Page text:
James L. Ciccarello
August 31, 1923 – December 24, 2018
James L. Ciccarello, died peacefully on December 24, 2018 at Hospice House in Fort Pierce. He was born in New York City on August 31, 1923, and lived in Saint Lucie West for the past 20 years. Before moving to Saint Lucie West, he lived in North Palm Beach and Bay Shore, Long Island.
Throughout his teenage years he caddied at Dyker Beach Golf Club in Brooklyn and played trumpet with two Brooklyn bands. He also trained and boxed in the Golden Gloves welterweight division. He graduated from Lafayette High School in Brooklyn and continued his education at the Academy of Aeronautics in Queens, graduating with a master aircraft and engine mechanics license.
During World War II he was recruited by the Army Air Corps as a civilian aircraft engine mechanic to work and train mechanics at US airbases. He received commendations for his efforts. After World War II he earned a degree in Aeronautical Engineering from Brooklyn Polytechnic while working as a wind tunnel test engineer. After graduation he accepted a position teaching aeronautical engineering at the Academy of Aeronautics in Queens. He later worked at Goodyear Aircraft in Akron, Ohio on both a Navy guided missile program and the Bell Aerospace X-1 experimental airplane, which was the first plane to break the sound barrier. During this period, he also did graduate work at Case Institute of Technology in Cleveland, Ohio. Between 1950 and 1955, he worked as assistant project engineer designing the first turbo jet engine at Wright Aero Corporation in Wood Ridge, New Jersey.
In 1955, he accepted a position at Republic Aviation in Farmingdale, NY as assistant chief power plant design engineer on the F–105 Air Force fighter-bomber and the XF–103 super sonic turbo jet/ramjet airplane. In 1960 he was hired by Grumman Aerospace in Bethpage, NY to work on the F-14 Navy fighter as power plant group leader. He later moved into the lunar module space program at Grumman as a group leader on the design of the descent rocket engine, which successfully landed on the moon. He also held this position for the ascent rocket engine that propelled the lunar module off the moon. After the lunar landing program, he was appointed to a position on the experimental super sonic X-29 forward swept wing program as chief of propulsion systems design. He worked at Edwards Air Force Base in California, through a successful flight test program. After the completion of this program in 1984, he retired from Grumman and moved to Florida.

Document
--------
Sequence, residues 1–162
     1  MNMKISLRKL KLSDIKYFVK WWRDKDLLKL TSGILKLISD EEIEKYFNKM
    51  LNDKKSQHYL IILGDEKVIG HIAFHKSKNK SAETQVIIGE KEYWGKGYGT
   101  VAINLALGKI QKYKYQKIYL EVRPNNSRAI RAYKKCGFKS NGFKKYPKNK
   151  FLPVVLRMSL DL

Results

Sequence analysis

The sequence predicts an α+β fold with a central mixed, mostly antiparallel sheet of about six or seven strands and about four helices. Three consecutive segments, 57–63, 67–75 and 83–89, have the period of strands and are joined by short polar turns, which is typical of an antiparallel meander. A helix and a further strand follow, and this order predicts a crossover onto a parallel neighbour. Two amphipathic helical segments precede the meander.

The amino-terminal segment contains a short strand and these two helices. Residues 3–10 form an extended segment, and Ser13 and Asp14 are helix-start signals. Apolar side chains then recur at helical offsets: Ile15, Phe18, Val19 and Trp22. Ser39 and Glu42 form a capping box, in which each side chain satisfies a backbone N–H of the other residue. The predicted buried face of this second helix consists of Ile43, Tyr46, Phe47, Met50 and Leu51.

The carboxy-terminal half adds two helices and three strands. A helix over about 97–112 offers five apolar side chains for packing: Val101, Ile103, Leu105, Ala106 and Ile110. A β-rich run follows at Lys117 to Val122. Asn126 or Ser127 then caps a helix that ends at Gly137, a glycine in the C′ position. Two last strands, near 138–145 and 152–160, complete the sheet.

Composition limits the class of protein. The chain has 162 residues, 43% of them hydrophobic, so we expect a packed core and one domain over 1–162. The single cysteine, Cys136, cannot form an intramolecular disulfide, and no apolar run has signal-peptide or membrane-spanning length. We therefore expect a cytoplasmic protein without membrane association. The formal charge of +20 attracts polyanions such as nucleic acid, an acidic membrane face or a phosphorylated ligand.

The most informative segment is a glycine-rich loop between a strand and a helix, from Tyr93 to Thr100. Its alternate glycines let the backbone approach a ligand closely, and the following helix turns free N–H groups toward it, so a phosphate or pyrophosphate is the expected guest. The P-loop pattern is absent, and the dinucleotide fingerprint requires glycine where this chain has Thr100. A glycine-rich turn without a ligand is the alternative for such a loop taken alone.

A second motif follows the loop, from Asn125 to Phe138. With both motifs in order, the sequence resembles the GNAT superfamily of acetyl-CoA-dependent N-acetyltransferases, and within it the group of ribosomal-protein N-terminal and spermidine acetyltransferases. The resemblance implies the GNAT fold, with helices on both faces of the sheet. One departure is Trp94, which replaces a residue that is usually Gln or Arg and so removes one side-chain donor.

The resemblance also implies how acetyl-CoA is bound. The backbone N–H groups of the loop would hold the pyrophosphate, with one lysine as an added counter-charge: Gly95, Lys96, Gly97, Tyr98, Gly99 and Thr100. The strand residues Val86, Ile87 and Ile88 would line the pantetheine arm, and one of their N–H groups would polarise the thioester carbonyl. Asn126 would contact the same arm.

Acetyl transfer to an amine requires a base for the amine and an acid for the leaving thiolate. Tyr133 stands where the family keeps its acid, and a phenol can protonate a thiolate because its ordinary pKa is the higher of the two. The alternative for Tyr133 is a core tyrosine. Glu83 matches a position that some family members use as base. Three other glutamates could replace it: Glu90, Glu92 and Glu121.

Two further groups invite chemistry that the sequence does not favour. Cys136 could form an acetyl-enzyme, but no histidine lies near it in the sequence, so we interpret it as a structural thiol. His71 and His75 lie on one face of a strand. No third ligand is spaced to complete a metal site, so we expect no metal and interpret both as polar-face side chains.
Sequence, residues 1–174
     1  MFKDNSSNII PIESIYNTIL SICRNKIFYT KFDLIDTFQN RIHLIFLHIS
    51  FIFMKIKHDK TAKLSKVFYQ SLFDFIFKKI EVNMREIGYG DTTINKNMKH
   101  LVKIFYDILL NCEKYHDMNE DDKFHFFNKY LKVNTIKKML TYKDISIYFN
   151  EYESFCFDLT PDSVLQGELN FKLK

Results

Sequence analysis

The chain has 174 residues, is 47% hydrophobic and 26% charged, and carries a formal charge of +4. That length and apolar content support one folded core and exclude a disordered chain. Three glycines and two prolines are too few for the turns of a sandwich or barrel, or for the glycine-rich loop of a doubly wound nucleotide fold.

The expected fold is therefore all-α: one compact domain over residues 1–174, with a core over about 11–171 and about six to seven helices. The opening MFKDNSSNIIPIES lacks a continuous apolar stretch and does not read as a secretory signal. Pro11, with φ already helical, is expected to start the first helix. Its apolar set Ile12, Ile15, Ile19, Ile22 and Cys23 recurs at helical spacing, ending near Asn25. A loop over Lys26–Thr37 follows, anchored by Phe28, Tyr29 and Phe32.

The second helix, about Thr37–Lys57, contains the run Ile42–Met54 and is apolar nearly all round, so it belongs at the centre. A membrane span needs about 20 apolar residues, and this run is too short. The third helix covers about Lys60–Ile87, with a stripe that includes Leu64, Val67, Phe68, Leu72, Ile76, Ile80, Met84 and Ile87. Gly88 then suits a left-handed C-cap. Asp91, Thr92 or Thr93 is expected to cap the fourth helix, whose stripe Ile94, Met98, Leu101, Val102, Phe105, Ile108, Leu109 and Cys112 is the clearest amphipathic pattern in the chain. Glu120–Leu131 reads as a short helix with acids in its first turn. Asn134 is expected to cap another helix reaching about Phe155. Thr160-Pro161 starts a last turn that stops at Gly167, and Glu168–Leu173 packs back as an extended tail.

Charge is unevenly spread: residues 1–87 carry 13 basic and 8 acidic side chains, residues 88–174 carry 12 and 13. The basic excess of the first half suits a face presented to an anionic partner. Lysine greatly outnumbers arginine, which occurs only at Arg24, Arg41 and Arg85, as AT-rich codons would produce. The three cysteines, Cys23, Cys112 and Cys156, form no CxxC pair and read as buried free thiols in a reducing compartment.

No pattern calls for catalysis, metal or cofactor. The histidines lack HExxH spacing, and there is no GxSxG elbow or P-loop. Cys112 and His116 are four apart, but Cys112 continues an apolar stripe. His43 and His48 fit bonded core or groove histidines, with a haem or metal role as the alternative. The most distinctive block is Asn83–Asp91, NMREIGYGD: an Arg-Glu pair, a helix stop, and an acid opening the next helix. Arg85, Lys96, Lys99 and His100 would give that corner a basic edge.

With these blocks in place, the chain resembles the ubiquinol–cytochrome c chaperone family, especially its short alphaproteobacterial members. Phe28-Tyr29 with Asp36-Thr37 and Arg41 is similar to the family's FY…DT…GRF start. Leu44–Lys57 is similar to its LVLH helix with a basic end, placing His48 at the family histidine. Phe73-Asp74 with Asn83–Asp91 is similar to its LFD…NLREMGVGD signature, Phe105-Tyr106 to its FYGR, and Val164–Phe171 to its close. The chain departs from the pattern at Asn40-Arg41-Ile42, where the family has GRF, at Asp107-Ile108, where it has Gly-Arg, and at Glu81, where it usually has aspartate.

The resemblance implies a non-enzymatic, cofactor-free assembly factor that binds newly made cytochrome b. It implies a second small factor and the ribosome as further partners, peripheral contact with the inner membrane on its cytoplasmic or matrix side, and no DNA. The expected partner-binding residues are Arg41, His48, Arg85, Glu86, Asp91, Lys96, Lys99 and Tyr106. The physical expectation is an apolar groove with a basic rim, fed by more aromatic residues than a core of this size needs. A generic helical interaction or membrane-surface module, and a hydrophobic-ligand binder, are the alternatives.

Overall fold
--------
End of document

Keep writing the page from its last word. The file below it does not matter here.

On July 20, 1969, he was awarded the NASA Apollo Achievement Award for man’s first landing on the moon. His name was also inscribed on the Spacewalk of Honor at the Kennedy Space Center in Florida. Jim also received a Citation for Excellence Award from Grumman Aerospace.
In 1998 he moved to Kings Isle in St. Lucie West. His lifetime hobbies included travel, golf, dancing, and swimming. He was a member of Saint Lucie Catholic Church, Moose Lodge #513, Knights of Columbus #7514 as a 3rd degree knight, as well as Elks Lodge #2658.
His parents Carmelo and Mary Ciccarello and sister Anne De Maio preceded him in death. He is survived by his wife of 71 years, Bonnie, daughters Diane (Peter) and Christine (William), five grandchildren and three great grandchildren.
A funeral mass will be held at St. Lucie Catholic Church on February 9th at 12:00 pm. Burial will take place at St. John’s Cemetery in Middle Village, NY at a later date. In lieu of flowers, memorial donations in Jim’s name may be made to St. Jude’s Children’s Hospital in Memphis, TN or to the Treasure Coast Hospice.
- His parents Carmelo and Mary Ciccarello and sister Anne De Maio preceded him in death. He is survived by his wife of 71 years, Bonnie, daughters Diane (Peter) and Christine (William), five grandchildren and three great grandchildren.
Mass of Christian Burial
St. Lucie Catholic Church
280 SW Prima Vista Blvd